Walking in Waikiki – a (sort of) love letter

Waikiki HI beach
Hawaii Aloha Travel > Blog > Walking in Waikiki – a (sort of) love letter

I’ve had an unofficial policy of avoiding Waikiki unless I’m being paid to be there since before the pandemic. I’ve had an official policy of avoiding Las Vegas without generous remuneration for decades, for pretty much the same reason. There’s really nothing there for me. But we’ve a dear friend in town we haven’t seen in years here at the HAT Blog, and she was intent on walking in Waikiki. I obliged, even paying for an Uber to get there.

We met at Kelley O’Neill’s at my suggestion, on Lewers Street just a half-block off Waikiki’s main drag, Kalakaua Avenue. They (mostly) know me there. I like to think I’m more than just another punter at Kelley’s, whether or not that’s true. The bartender recognized me. “Ah, Mr. Winpenny,” he said without irony. “How’ve you been?”

“Well,” I said, “I’m drinking bourbon in Waikiki at noon on a Thursday. I honestly don’t know.”

“Could be worse, then,” he smiled. He was there at Kelley’s as a patron to see my band perform a packed half-way to Saint Patrick’s Day gig back in September. And he was right. In paradise, it can always be worse. My visiting friend walked in, making things objectively better.

Waikiki Canoe
Truly timeless Waikiki.

I introduced her to the owner, to whom she recalled many nights spent in that bar (and now quality restaurant) making questionable but ultimately harmless life choices. We finished our drinks. She was keen to head down Kalakaua to Lulu’s Waikiki for a heaping plate of kalua pig nachos and a beer. Just like that, we were walking in Waikiki.

It’s easy to dismiss Waikiki as a tourist trap. But that’s facile and lazy and it ignores the fact that Waikiki is the epicenter of Hawaii’s tourism industry, the state’s main economic driver. Waikiki has been remade in the past decade, and even more so during the pandemic when the hotel rooms were empty and major properties underwent dramatic renovations and rebranding. Waikiki, at least along Kalakaua where we walked, has been thoroughly sanitized.

It has been years since my friend, a former Hawaii resident, had been back, since well before the pandemic. She was astonished by the slick sheen of high-end brand stores like Ferragamo, Gucci, Armani and the like lining the avenue.

“That’s an Ugg Boots store!” she exclaimed as we passed. “Why would they have a full Himalayan sherpa outfit in the display window across the street from Waikiki Beach?” I didn’t have an answer, and I still don’t. I mumbled a befuddled shrug. I didn’t know there was an Ugg Boots store in Waikiki.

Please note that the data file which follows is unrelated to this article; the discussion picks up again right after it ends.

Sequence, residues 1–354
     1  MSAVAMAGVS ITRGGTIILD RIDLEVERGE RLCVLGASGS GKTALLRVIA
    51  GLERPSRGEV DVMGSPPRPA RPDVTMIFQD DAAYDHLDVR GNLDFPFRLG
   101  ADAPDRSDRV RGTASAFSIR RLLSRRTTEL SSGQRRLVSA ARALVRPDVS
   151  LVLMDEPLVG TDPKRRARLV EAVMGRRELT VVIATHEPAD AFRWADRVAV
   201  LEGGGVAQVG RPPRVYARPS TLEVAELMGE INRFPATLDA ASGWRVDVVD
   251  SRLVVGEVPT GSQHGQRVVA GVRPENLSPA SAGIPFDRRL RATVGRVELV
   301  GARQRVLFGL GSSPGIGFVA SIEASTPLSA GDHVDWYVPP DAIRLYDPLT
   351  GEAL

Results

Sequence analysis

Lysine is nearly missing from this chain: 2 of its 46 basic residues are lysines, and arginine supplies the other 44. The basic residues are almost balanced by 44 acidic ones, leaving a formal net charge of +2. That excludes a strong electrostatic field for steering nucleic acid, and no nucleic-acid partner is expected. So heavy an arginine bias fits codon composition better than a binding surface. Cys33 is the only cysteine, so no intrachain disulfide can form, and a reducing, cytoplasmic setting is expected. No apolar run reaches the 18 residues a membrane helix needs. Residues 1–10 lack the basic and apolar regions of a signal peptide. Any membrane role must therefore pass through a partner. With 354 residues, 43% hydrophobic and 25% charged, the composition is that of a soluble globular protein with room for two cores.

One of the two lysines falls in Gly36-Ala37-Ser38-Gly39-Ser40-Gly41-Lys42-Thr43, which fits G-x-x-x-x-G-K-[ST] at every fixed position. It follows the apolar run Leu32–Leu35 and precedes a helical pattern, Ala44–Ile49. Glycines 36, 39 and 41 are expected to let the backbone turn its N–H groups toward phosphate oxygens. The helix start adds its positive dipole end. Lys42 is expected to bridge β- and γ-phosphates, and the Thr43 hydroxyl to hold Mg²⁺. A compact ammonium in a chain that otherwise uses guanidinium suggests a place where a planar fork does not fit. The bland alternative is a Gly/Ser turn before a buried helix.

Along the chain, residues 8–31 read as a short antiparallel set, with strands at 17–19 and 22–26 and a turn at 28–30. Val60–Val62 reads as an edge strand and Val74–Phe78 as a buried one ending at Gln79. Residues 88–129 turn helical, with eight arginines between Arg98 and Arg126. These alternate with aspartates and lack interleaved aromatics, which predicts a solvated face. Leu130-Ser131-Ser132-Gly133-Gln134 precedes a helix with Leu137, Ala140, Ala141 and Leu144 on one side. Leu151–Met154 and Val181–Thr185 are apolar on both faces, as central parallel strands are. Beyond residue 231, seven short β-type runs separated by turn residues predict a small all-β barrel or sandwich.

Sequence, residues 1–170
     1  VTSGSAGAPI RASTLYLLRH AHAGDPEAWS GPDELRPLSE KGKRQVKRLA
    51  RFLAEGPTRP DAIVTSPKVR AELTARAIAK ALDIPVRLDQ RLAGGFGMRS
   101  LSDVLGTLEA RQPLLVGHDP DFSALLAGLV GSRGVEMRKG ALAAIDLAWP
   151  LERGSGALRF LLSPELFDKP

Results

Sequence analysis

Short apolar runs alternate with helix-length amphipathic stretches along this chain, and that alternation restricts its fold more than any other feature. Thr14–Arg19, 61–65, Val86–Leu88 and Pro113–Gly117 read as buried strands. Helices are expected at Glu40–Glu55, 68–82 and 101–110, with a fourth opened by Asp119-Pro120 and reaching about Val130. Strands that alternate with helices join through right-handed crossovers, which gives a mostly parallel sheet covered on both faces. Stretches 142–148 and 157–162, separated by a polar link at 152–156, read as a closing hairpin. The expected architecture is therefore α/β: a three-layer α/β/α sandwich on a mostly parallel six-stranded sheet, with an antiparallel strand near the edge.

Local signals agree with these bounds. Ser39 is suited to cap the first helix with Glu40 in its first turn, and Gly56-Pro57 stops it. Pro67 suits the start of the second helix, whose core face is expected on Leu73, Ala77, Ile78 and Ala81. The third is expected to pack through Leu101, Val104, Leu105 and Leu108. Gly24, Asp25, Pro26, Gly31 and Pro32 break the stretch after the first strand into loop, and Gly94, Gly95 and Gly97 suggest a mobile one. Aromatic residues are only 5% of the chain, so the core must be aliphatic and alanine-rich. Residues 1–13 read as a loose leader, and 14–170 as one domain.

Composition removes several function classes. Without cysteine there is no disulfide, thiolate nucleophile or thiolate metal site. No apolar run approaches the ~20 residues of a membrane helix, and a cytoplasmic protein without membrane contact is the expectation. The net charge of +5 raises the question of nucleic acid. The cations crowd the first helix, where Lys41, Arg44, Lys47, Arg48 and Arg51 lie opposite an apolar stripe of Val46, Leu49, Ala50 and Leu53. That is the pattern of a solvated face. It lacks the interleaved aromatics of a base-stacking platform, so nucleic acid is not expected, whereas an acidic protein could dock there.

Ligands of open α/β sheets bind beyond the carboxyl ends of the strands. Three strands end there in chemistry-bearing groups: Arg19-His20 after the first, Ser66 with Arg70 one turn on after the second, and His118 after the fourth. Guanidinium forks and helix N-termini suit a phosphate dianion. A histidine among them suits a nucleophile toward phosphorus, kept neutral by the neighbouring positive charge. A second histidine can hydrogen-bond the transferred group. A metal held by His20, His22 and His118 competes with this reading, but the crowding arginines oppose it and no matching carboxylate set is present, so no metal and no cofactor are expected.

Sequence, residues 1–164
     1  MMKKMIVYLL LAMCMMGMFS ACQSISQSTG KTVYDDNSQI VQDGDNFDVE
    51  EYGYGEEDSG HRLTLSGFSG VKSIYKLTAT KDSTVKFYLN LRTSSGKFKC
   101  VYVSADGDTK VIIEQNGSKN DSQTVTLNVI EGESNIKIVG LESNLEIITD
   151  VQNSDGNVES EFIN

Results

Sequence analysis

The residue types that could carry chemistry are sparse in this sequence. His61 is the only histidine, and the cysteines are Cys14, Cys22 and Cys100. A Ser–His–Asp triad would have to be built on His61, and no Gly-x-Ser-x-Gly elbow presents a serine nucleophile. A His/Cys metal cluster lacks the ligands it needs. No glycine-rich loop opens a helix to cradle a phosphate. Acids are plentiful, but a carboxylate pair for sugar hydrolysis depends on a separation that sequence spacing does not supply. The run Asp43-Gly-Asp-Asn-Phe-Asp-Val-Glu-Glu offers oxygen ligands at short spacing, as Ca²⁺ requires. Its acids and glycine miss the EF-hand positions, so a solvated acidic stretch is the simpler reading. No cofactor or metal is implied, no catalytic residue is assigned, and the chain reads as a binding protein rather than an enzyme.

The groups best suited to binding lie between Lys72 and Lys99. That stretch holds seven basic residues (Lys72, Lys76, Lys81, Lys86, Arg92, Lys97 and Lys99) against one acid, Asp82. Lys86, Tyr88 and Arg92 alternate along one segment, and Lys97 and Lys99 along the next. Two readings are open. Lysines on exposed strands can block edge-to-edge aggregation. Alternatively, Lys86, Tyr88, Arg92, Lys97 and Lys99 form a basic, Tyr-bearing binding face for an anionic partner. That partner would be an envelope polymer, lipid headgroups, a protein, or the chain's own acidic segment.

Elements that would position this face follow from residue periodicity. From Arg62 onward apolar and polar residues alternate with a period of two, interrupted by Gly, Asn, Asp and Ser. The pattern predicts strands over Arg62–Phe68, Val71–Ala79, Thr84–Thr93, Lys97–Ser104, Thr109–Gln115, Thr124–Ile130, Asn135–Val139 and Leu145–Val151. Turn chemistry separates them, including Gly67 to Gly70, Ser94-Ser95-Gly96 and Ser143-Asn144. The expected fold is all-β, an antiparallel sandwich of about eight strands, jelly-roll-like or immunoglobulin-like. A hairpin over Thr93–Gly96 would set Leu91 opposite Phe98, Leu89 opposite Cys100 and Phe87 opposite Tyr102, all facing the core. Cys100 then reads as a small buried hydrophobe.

A little further down the boulevard, my friend confessed. “I know it’s cheesy, but I just wanted to come down here and sneer at silly tourists and make snarky comments about total strangers,” she said. “And I really love Lulu’s nachos.” Fair enough. I’m down for both when a longtime friend is in town.

Other than my friends at Kelley’s and occasional journalistic duties, there really is no reason for me to be in Waikiki. I’m a homebody by nature as I get older, happy to work mostly from home and stay mostly close to it. I’m a downtowner. I have bandmates who live out on the North Shore and refuse to come to town unless they’re getting paid for it.

Walking in Waikiki gave me a kind of newfound appreciation for the tourist mecca. I appreciate that the monied interests that keep the gears of tourism commerce turning have polished the main drags. The part of Waikiki we walked was clean, sparkling, even, from Lewers Street to the Kapahulu “groin”. Beach umbrellas stood in neat rows along the beach by the dozens. Vehicular and pedestrian traffic streamed smoothly thanks to well-timed traffic lights. “It’s like the French Riviera down here,” my friend observed. She now lives on a tiny island in the Mediterranean Sea. It struck me as a compliment, whether or not it was intended as one.  

Waikiki is awesome, as long as I don’t have to be there. I enjoyed the Lulu’s nachos and seeing old friends, I looked with pride at the Duke Kahanamoku statue as we passed. I felt proud to live in a place that millions of people the world over flock to for its beauty. I imagined Kalakaua Avenue lit up like Paris or Rome at night, having only been to Waikiki at night once in the past five years (and that was for work).

“Could be worse, then.” Indeed.

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